Louise Lawler, Grieving Mothers (Attachment), 2005. Silver dye bleach print (Cibachrome), 46 × 41 inches (116.8 × 104.1 cm). Gift of Barbara Lee, The Barbara Lee Collection of Art by Women. Courtesy the artist and Metro Pictures. © Louise Lawler
Louise Lawler explores the changing context in which works of art are viewed and circulated. Since the late 1970s she has worked primarily in photography and has become best known for shooting art objects in collectors’ homes, museums, auction houses, commercial galleries, and corporate offices, whether installed above copier machines or piled on loading docks and in storage closets. In these sites, she frames the strategies of display—from the works’ labels to their location—to bring attention to the ways spaces shape the meaning and reception of art after it leaves the studio. Her work is often associated with institutional critique for its exposure of art world machinations, and with the so-called Pictures Generation, a group of artists that includes Sherrie Levine, Robert Longo, Cindy Sherman, and others, known for their strategies of appropriation. Witty and trenchant, Lawler’s photographs are more than mirrors in which the art world sees itself; they reposition the viewer to engage critically and affectively with art’s presentation and dissemination.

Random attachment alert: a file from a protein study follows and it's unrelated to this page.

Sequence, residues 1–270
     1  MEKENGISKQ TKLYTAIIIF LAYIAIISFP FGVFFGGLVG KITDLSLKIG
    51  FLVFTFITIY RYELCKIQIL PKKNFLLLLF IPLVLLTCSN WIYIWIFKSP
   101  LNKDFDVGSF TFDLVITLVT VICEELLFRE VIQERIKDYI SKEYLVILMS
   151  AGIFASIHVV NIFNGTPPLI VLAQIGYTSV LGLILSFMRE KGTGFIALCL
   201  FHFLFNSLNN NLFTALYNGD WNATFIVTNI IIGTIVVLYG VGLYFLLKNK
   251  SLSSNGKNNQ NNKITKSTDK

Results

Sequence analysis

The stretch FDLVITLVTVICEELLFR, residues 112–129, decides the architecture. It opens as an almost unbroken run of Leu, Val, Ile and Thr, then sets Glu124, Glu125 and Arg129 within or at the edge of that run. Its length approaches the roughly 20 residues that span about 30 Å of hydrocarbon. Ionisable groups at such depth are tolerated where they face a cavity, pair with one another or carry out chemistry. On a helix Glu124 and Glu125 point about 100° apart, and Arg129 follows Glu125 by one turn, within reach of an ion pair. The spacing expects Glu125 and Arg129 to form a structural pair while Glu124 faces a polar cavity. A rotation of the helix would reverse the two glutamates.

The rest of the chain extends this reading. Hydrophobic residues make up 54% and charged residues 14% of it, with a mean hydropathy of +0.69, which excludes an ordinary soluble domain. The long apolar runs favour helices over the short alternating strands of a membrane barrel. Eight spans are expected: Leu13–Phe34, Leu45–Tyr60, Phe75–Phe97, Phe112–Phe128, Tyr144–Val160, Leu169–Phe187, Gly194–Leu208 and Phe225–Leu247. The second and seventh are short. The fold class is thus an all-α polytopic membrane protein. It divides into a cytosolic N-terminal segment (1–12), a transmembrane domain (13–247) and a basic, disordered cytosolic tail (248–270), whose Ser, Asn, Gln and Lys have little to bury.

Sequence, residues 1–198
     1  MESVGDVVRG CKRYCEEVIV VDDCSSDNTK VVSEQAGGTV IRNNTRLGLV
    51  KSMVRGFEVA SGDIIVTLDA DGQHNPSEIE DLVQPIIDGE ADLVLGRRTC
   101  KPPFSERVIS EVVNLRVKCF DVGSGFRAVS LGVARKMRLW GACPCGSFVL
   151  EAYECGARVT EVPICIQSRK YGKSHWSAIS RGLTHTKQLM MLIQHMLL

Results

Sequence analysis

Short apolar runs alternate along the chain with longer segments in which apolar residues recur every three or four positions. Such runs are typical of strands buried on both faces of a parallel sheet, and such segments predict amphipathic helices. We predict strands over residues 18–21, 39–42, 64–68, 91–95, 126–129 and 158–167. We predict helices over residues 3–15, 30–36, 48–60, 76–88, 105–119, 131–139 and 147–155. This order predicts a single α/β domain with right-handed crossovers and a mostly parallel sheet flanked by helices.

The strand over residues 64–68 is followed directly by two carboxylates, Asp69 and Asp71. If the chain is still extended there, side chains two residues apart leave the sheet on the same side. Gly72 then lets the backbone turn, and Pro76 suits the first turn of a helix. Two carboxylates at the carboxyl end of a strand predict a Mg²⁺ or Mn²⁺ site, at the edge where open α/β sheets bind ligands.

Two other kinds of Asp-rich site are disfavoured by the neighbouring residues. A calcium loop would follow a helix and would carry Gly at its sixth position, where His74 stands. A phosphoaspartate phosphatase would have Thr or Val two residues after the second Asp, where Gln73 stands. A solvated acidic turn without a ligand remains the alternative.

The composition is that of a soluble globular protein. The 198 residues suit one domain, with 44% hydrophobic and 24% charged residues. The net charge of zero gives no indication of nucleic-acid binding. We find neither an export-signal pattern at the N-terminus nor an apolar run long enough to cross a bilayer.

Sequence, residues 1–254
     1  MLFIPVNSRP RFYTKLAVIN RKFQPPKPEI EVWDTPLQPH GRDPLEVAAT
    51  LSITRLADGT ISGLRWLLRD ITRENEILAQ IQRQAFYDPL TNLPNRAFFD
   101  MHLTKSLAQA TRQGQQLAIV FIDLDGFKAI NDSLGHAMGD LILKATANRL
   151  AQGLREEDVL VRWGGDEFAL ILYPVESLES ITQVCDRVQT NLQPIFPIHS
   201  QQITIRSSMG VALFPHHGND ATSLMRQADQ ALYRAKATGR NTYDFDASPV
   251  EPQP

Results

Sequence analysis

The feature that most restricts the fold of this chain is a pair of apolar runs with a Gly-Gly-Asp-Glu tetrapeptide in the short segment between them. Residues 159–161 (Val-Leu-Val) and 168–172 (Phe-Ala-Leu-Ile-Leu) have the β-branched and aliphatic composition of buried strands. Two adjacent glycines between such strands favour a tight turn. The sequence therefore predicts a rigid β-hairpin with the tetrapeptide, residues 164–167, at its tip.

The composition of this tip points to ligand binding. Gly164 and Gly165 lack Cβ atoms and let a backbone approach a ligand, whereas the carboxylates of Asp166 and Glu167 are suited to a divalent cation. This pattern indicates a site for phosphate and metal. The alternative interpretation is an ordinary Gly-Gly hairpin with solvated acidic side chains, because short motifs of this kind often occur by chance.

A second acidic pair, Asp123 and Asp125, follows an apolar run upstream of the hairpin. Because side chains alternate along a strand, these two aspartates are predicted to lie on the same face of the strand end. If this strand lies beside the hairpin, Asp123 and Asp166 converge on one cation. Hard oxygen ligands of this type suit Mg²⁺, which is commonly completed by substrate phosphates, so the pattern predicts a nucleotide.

Grieving Mothers (Attachment) is part of a series in which Lawler documents casts of antiquities held by various international institutions. It depicts plaster casts of the wings of the Nike of Samothrace, c. 190 BCE, perhaps one of the most recognizable objects of Hellenic sculpture, in the collection of the Musée du Louvre in Paris. To further complicate the idea of originality and reproduction, the original marble has missing portions filled in with plaster. Lawler shows the wings detached from the figure’s torso, the mechanism of attachment visible. Due to the close cropping and angled framing, the viewer can perceive the wings as sculptural objects divorced from their grand and dynamic referent. In such pieces, Lawler complicates our perception of authenticity and its relationship to form.
Lawler’s Grieving Mothers (Attachment) builds on the ICA/Boston’s holdings of work by contemporary photographers, especially those who came of age artistically in the 1980s, such as Nan Goldin, Richard Prince, and Cindy Sherman. Moreover, it adds to the group of works by younger photographers who explore the ways three-dimensional forms can be captured through photography, such as Roe Ethridge, Erin Shirreff, and Sara VanDerBeek, many of whom consider Lawler a key figure in the development of their practices.